Of all the algae types, the black ones are the worse, as they can easily take over the water and walls. Read our article about how to deal with black algae and get them out of your pool’s system once for all.
How to Make the Pool Crystal Clear Again
Some of the factors from above must be responsible for the milky texture. It is unaesthetic and you shouldn’t be surprised that no one is willing to give it a try. But what’s truly important is that the water may be dangerous as well, so you should not try to use the pool while at this stage.
We recommend taking your time to apply one of the following solutions. In some cases, you may even need to combine them.
Perform a Deep Cleaning
Collect all the large debris that is floating at the surface of the water and then get down to scrubbing the walls and the floor. Vacuum the water as well. If available, your robotic pool cleaner can take care of this for you. Additionally, check the filters and unclog them or replace them if damaged.
Periodical maintenance is the only one that will guarantee you that the water remains clean. The pool is always in contact with the natural elements, so it will quickly gather dust and debris. One way to protect it and ease your job would be to install a pool cover. Nevertheless, although it will keep leaves and branches away, it won’t be able to fight bacteria, so you will still need to use the right amount of Cl.
Apply Shock Treatment
This will solve your problem with bacteria and algae, although if the problem is aggravated, you may need to use an algaecide later. This solution is once again a mandatory step when performing maintenance, and it implies the use of 3 up to 5 times more chlorine than usual to kill microorganisms.
When dealing with pool shocking, you will need to pick a sanitizer, which can be chlorine-based or Cl-free. The second variant is good for quick sanitizing, but it won’t help you get rid of algae. It is better to go for calcium hypochlorite, but only if you are not dealing with hard water, or lithium hypochlorite, if your water is rich in calcium.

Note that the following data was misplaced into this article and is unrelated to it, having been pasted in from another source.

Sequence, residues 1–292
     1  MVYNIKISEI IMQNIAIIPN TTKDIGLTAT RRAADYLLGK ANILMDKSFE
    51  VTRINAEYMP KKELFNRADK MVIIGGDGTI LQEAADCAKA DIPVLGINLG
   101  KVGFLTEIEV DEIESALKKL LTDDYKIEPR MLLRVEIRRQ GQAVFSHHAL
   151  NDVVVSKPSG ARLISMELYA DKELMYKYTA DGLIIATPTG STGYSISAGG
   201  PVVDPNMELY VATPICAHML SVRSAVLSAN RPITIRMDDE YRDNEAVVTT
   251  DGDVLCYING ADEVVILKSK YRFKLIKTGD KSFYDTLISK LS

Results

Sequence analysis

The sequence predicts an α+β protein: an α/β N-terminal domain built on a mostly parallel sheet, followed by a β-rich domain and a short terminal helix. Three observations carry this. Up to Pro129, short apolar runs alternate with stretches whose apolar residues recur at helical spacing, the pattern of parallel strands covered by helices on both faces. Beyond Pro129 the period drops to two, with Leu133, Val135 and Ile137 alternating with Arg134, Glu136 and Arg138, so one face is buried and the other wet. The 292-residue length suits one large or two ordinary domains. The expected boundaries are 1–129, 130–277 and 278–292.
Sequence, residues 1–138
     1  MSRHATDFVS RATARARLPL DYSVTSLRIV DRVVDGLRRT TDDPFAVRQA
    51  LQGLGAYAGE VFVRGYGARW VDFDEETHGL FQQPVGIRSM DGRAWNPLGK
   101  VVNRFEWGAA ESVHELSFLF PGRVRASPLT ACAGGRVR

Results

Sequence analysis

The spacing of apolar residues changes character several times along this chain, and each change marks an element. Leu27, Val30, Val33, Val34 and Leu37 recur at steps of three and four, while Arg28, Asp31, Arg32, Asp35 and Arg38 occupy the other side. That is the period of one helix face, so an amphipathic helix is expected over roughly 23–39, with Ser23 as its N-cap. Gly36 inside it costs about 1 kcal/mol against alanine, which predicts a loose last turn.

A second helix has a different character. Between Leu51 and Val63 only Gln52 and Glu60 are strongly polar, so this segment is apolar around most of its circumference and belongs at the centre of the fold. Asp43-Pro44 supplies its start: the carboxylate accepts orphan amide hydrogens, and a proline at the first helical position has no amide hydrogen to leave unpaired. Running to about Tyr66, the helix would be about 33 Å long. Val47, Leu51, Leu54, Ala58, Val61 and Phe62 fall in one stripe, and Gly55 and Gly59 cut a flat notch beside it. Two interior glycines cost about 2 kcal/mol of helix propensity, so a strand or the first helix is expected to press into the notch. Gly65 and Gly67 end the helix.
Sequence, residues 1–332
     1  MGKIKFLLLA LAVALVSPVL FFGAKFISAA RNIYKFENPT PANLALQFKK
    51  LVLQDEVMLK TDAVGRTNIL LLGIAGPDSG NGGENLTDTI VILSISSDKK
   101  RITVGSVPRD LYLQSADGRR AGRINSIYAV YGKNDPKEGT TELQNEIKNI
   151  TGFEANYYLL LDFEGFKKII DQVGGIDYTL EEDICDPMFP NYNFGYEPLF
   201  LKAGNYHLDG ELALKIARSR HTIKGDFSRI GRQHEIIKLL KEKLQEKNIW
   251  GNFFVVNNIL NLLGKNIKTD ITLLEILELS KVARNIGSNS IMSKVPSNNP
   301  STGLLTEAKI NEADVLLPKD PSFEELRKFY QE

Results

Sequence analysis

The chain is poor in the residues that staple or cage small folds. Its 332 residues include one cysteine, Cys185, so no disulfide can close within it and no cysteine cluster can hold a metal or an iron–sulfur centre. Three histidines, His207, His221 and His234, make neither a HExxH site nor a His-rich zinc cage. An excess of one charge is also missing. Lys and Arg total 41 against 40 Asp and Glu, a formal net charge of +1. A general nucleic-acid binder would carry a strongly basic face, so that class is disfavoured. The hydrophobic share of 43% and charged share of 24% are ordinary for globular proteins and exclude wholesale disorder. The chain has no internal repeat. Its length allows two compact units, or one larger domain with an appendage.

Before shocking your pool, remember to test the water first to determine how much sanitizer you will need to use. Check out our best digital pool water test kits and trust this operation to a highly-accurate device.
Try a Water Clarifier
The purpose of a solution of this type is to clump tiny particles together. It acts as a coagulant, forming cloths of contaminants that are easier to capture by the filter. This is actually a quick and easy way to reduce cloudiness, but it implies that the water is generally clean of large debris. However, a water clarifier doesn’t have the properties of a sanitizer, so you shouldn’t rely on it to keep you safe against bacteria. Proper periodical cleaning is still mandatory. It does make the water look impeccable, though, and acts quickly so it is nice to have one around if you have a pool party coming over.
Use a Flocculant
It resembles a clarifier in a certain way, as it brings the particles together as well, but instead of sending them towards the filter, it drags them to the bottom. It comes as a powder that needs to be scattered around the pool. Then, it usually needs 48 hours to act, and you should be preparing for a tougher job.
As all the dirt is now on the floor of the pool, you will have to get down there as well and vacuum it with a hand vacuum. We know what you are thinking, but an automatic device won’t do it. It may actually mix the dirt with the water and make it murky again. So, the work cannot be avoided. But, hey, you will have a spotless pool at the end.
Aid Your Filter
The filter is usually positioned at the top of the pool, and this is great as it can capture all the debris that tends to gather at the surface of the water. But the dirt that tends to gather at the bottom never gets to be removed. Thus, the water remains milky even if the filter is clean and in good shape.
The good news is that you can aid it filter better by stirring the water. How? Invite as many people as possible to swim, use the drains to stir the water, if available, or place your vacuum in the middle of the pool floor in an upside-down position to mimic a bottom drain if not available.
Find a first-rate pool vacuum cleaner among our top and make things easier for your filter. Whether you use it to vacuum the water or stir it, it is an efficient way of keeping dust and debris away.
The Bottom Line
What’s even more important than treating these problems is to prevent them, and the best way to do it is to keep a maintenance schedule. Make the purpose of cleaning the large debris every day and pick a day of the week to scrub the walls, vacuum the water, and shock the pool. Nevertheless, keep in mind that sometimes, even if the pool is well-balanced and clean, it can still look milky. The water may be rich in iron or other metals. In this case, a clarifier or a flocculant can easily solve the problem.